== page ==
Habitual users may take longer to metabolize the substance. The use of saliva testing has increased due to its low cost and easy administration.
Blood tests for cocaine look for the drug or its metabolites in the blood plasma. Blood tests have a short detection window of 5.5 to 7.5 hours.
Blood tests can be used to measure whether someone is currently under the influence of the drug rather than whether they’ve used it recently.
Blood tests are more expensive than other forms of testing and are administered by qualified medical personnel in a laboratory setting. For these reasons, blood testing is less common than urine testing.
How Cocaine Is Metabolized
As the body metabolizes cocaine, the drug begins to break down. This creates metabolites that travel to saliva, urine, hair, and the bloodstream before leaving the body.
The liver plays a critical role in the metabolization process. Chronic use or overdose can damage the liver.
Seeking Help for Cocaine Abuse
A person concerned with the time it takes for cocaine to leave the body may need help for an addiction. Habitual users may be unable to abstain and may be concerned about the effects of withdrawal from the drug. This is a sign of cocaine addiction.
Other signs an individual may need help with addiction include:
- Unable to quit despite trying
- Using cocaine to feel “normal”
- Experiencing health issues as a result of cocaine use
- Drug use is affecting your relationships
- Financial, workplace, or legal problems
- Using cocaine to manage mental health issues
- Using cocaine to mask physical pain
The Need for Treatment
Long-term cocaine addiction can impact your life in many negative ways. If you’re unable to stop using cocaine, keep in mind that addiction is a medical problem, not a moral failing. Cocaine addiction requires treatment.
Treatment should include medical support to deal with withdrawal and psychological support to deal with issues such as anxiety, depression, and relationship problems.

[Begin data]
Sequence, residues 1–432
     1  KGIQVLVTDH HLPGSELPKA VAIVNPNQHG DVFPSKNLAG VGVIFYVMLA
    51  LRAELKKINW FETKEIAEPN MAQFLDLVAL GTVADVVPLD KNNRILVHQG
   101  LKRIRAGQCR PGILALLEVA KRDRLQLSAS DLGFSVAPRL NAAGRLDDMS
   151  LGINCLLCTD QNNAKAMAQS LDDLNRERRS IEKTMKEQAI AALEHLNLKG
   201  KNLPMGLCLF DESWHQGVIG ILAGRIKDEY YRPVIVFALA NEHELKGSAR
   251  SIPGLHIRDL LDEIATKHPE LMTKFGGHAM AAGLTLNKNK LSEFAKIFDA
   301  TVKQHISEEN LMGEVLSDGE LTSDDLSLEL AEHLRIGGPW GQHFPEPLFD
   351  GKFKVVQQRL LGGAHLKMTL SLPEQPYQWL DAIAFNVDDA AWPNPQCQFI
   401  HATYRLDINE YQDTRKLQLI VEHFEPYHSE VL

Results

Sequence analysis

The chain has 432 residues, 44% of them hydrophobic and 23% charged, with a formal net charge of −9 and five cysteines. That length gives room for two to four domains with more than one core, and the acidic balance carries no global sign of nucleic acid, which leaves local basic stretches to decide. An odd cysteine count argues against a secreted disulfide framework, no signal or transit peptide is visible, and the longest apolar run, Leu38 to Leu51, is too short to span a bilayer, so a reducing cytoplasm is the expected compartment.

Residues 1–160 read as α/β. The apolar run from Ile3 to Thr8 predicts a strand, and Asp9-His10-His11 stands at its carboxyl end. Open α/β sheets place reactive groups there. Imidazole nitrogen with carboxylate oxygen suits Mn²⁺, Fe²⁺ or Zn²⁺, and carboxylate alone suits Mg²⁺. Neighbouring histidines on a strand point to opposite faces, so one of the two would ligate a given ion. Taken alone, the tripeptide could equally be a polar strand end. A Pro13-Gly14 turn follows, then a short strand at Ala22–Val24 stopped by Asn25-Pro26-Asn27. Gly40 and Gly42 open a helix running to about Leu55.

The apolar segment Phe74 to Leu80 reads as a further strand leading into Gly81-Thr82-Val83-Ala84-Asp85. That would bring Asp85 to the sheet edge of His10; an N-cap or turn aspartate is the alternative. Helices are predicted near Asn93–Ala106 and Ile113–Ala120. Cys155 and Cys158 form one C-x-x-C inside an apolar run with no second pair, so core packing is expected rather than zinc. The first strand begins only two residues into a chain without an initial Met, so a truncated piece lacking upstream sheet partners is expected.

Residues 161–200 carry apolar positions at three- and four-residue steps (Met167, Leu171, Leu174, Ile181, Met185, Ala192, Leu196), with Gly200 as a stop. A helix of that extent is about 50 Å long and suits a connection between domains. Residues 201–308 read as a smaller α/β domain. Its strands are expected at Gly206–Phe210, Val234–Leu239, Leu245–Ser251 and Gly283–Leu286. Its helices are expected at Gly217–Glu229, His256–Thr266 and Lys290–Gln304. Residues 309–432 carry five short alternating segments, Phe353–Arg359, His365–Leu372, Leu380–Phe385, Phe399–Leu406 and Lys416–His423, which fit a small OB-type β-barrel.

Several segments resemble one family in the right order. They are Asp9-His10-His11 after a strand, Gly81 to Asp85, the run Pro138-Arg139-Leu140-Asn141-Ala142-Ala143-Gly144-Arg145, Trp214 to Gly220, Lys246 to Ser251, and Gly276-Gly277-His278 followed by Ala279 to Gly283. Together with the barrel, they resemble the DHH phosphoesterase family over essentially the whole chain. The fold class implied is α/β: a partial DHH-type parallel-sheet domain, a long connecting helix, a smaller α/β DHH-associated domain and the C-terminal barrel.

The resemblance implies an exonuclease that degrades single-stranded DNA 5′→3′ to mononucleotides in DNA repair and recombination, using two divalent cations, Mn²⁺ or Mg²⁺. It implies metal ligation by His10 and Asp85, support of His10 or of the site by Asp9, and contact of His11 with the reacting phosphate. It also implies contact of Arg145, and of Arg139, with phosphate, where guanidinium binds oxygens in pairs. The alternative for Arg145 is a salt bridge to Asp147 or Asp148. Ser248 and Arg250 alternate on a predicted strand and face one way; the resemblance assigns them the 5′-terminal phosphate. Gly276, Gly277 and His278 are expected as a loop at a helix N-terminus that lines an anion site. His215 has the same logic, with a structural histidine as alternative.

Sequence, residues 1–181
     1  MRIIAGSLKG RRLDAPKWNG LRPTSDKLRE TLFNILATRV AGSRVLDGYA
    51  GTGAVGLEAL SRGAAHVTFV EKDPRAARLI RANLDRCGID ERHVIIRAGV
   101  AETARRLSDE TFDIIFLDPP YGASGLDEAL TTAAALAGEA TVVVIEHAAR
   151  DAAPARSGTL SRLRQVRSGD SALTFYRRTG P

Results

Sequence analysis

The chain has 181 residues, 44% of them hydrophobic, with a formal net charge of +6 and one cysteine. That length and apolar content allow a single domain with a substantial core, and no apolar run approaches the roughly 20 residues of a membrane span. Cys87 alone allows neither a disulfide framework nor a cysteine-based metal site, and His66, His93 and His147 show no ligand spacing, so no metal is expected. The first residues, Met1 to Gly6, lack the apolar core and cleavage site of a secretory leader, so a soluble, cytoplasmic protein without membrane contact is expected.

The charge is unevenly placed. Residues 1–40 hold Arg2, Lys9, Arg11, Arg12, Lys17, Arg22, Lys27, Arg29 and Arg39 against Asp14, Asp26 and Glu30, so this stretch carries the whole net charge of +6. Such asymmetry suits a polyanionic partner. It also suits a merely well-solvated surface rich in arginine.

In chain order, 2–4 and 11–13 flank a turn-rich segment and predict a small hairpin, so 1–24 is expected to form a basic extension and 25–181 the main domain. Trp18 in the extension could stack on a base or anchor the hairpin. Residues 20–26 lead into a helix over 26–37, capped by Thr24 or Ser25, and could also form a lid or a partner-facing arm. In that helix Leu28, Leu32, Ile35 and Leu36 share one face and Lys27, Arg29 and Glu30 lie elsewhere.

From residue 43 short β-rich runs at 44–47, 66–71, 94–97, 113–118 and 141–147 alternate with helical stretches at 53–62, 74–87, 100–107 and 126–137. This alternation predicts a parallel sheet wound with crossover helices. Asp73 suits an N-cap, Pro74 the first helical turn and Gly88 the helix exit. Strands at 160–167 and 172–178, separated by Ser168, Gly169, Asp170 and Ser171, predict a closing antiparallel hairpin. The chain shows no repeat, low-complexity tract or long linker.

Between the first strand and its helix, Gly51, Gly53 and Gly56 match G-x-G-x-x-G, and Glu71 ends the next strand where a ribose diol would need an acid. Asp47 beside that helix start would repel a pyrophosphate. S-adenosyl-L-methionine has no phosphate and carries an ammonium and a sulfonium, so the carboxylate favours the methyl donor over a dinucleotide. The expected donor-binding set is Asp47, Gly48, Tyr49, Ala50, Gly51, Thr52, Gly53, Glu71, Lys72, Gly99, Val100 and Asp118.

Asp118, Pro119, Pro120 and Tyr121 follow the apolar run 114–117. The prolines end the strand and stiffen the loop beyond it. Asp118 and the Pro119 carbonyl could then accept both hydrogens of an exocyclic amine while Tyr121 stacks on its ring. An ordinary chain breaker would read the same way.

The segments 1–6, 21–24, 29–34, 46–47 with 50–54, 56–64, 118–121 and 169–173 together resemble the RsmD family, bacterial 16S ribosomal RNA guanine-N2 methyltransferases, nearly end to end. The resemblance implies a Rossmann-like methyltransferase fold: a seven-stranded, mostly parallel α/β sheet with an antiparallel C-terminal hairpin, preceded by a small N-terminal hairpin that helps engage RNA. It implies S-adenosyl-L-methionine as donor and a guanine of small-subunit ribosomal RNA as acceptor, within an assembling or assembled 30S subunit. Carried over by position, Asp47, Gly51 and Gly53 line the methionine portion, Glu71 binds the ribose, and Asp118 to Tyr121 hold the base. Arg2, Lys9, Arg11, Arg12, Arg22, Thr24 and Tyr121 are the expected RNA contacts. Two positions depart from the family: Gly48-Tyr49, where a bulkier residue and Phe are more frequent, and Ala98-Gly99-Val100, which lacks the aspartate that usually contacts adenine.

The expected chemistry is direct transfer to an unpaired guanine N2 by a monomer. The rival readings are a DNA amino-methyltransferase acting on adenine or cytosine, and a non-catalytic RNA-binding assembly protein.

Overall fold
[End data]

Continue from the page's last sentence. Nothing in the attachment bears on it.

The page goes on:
A person suffering from addiction may benefit from:
- Medical detox
- Medical support for health issues
- Comprehensive inpatient treatment
- Outpatient treatment
- Support groups
A family doctor or mental health professional can help you find the treatment you need to beat your addiction and begin a new life. Seeking help for an addiction may seem scary at first, but there is help available for you.
It is possible to break free from addiction and live a happier and healthier life.
Mixing Cocaine and Alcohol
It’s common for people to abuse cocaine with alcohol. This is a dangerous combination.
When the two are mixed, a toxic metabolite called cocaethylene forms in the body. This can damage the heart and liver.
Cocaine and alcohol are highly addictive. Using them in combination heightens the risk of addiction and other health issues.
Treatment for Addiction
Cocaine addiction is treatable. Treatments include detox, rehab, and emotional support to ensure long-term recovery.
Treatment begins with the detox process. During this time, you will be medically supported to break through the physical dependence on cocaine.
There are anxiety medications and antidepressants that can help relieve some of the symptoms associated with withdrawal. After detox, psychological support is critical.
Cognitive behavioral therapy and group therapy can be very helpful for overcoming substance abuse. Long-term recovery options may include lifestyle changes, support groups, and having a sober support network.
Will Insurance Cover Addiction Treatment?
Some insurance carriers may pay for part or for all of the cost of addiction treatment. Depending on your provider, the costs of addiction treatment could be reduced or possibly free.
Major insurers, including Blue Cross, Aetna, United, and Cigna, offer addiction treatment coverage. Check with your insurance carrier and the addiction treatment center of your choice.
Cocaine Addiction and Drug Rehab
If you’re struggling with cocaine addiction, you may have asked, “How long does cocaine stay in your system?” Drug test detection times depend on many factors and can vary from person to person.
Cocaine addiction is a serious illness and can have devastating consequences for long-term users. If you’re unable to stop using cocaine, there is hope for a brighter future.
With the right addiction treatment and high-quality care, you can achieve long-term sobriety. At America’s Rehab Campuses, we take a multidimensional approach to addiction treatment.
We offer evidence-based, compassionate care to help you achieve lasting recovery and an improved quality of life. We’d love to talk with you about our addiction care services.